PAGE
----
‘A four-day workweek is coming,’ billionaire Mets owner Steve Cohen declares—and you can thank the rapid rise of AI

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A four-day week is imminent, hedge-fund titan and billionaire New York Mets owner Steve Cohen told Andrew Ross Sorkin on Wednesday during a CNBC Squawk Box appearance. 

It’s not because workers have been begging for it, or because studies confirm it improves work outcomes, or even just because it’s universally popular. Rather, Cohen—currently CEO and chairman of his hedge fund, Point72 Asset Management—said the four-day workweek will finally be possible due to the rapid proliferation of AI. 

“My belief is a four-day workweek is coming,” Cohen told Sorkin. “[With] the advent of AI, generally, we hear…people are not as productive on Fridays, and so I just think it’s an eventuality.”

The idea of AI single-handedly improving companies’ bottom lines is an alluring thought; former Treasury secretary and current OpenAI board member Larry Summers recently said he thinks AI could replace “almost all” forms of labor. But he’s also taking a more measured approach, adding, “I don’t think that this is going to drive a productivity miracle in the next three to five years.”

Cohen gave no such predictions. Asked when exactly the shift would be coming, Cohen demurred, saying it’s “hard to know.” But he quickly pivoted towards how he, whose net worth nears $20 billion, stands to profit. 

Investing in pastimes like golf—which would potentially become more popular among his peers, should Fridays at the office go extinct—has become one of his focuses. If people end up having more time to themselves, “anything around…leisure, travel, experiences,” would all make for strong investment areas, he said. 

To some, Cohen may be best known for his eye-popping investments in sports. In 2020, he gained 95% ownership of the New York Mets for over $2.4 billion—the largest-ever sale in Major League Baseball. Last year, Cohen acquired the rights to a New York-based team in TGL, a high-tech golf league started by Rory McIlroy and Tiger Woods that plays in partnership with PGA. In January of this year, Cohen—alongside a handful of other billionaire sports owners—reportedly invested a historic $3 billion into the PGA Tour.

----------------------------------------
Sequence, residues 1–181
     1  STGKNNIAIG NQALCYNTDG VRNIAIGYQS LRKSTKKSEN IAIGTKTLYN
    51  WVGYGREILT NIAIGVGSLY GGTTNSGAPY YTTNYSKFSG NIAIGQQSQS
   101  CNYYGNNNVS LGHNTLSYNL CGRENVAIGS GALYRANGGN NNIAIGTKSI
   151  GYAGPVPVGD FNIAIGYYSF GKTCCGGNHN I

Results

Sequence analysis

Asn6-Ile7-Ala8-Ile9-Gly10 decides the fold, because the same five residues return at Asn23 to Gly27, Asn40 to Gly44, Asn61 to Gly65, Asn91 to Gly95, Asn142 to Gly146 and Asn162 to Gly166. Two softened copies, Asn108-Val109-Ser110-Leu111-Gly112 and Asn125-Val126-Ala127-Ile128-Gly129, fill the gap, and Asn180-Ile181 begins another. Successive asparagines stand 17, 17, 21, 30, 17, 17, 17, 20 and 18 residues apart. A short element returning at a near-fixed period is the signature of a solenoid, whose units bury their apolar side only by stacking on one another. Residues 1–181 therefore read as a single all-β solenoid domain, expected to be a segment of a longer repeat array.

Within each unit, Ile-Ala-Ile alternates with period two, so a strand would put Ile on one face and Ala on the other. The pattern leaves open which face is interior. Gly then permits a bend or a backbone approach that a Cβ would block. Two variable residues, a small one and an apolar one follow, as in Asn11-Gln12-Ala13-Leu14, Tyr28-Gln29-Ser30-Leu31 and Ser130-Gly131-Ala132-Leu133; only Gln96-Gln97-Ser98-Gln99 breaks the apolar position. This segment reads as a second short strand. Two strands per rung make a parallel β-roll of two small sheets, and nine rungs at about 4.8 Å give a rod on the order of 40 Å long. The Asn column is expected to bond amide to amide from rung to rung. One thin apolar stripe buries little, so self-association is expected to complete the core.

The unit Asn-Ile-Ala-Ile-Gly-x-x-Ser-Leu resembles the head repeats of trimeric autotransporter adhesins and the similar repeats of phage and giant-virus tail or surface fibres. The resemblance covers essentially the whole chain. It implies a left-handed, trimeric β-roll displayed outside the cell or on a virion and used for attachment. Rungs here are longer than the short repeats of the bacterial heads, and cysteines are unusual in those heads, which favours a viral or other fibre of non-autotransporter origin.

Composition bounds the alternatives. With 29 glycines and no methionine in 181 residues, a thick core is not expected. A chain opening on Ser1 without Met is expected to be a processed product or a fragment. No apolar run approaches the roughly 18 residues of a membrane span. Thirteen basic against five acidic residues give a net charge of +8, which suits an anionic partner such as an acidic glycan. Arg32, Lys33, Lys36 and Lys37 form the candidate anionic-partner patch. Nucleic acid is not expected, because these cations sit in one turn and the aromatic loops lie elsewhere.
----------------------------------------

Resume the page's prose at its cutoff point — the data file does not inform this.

But even if a four-day workweek weren’t on the horizon, “I think I would have done the golf investment anyway, because I think there’s a longer-term thought,” he said. Nonetheless, Cohen’s golf investments, he told Sorkin, “should fit into a theme of more leisure.” More leisure means more golf rounds, he added. “I guess courses will be crowded on Fridays.”

Fridays off may not be such a huge sea change. They already are, by far, the emptiest days at most offices; Steven Roth, the billionaire chairman of commercial landlord Vornado, said Fridays are “dead forever”, and some companies have banned meetings and deadlines after close of business Thursday, after which productivity drops off generally. 

For good measure, Cohen added, just because some companies may enact a four-day workweek sooner than others, his staff at Point72 shouldn’t start reaching for their clubs. If managers at his fund take off Fridays when the market is open, “that’s a problem,” he said. (Cohen is in lockstep with other Wall Street bigwigs who habitually oppose any modernization of the full-time, in-office synchronous workweek, despite what their workforce desires.)

But putting aside hedge fund managers, “the vast majority of people will get an opportunity, I think, at some point, to have a three-game weekend,” Cohen predicted.

That already includes the Mets, for one, who will compete against Detroit in a double-header tomorrow at Citi Field—and face the Reds in Cincinnati all weekend long.

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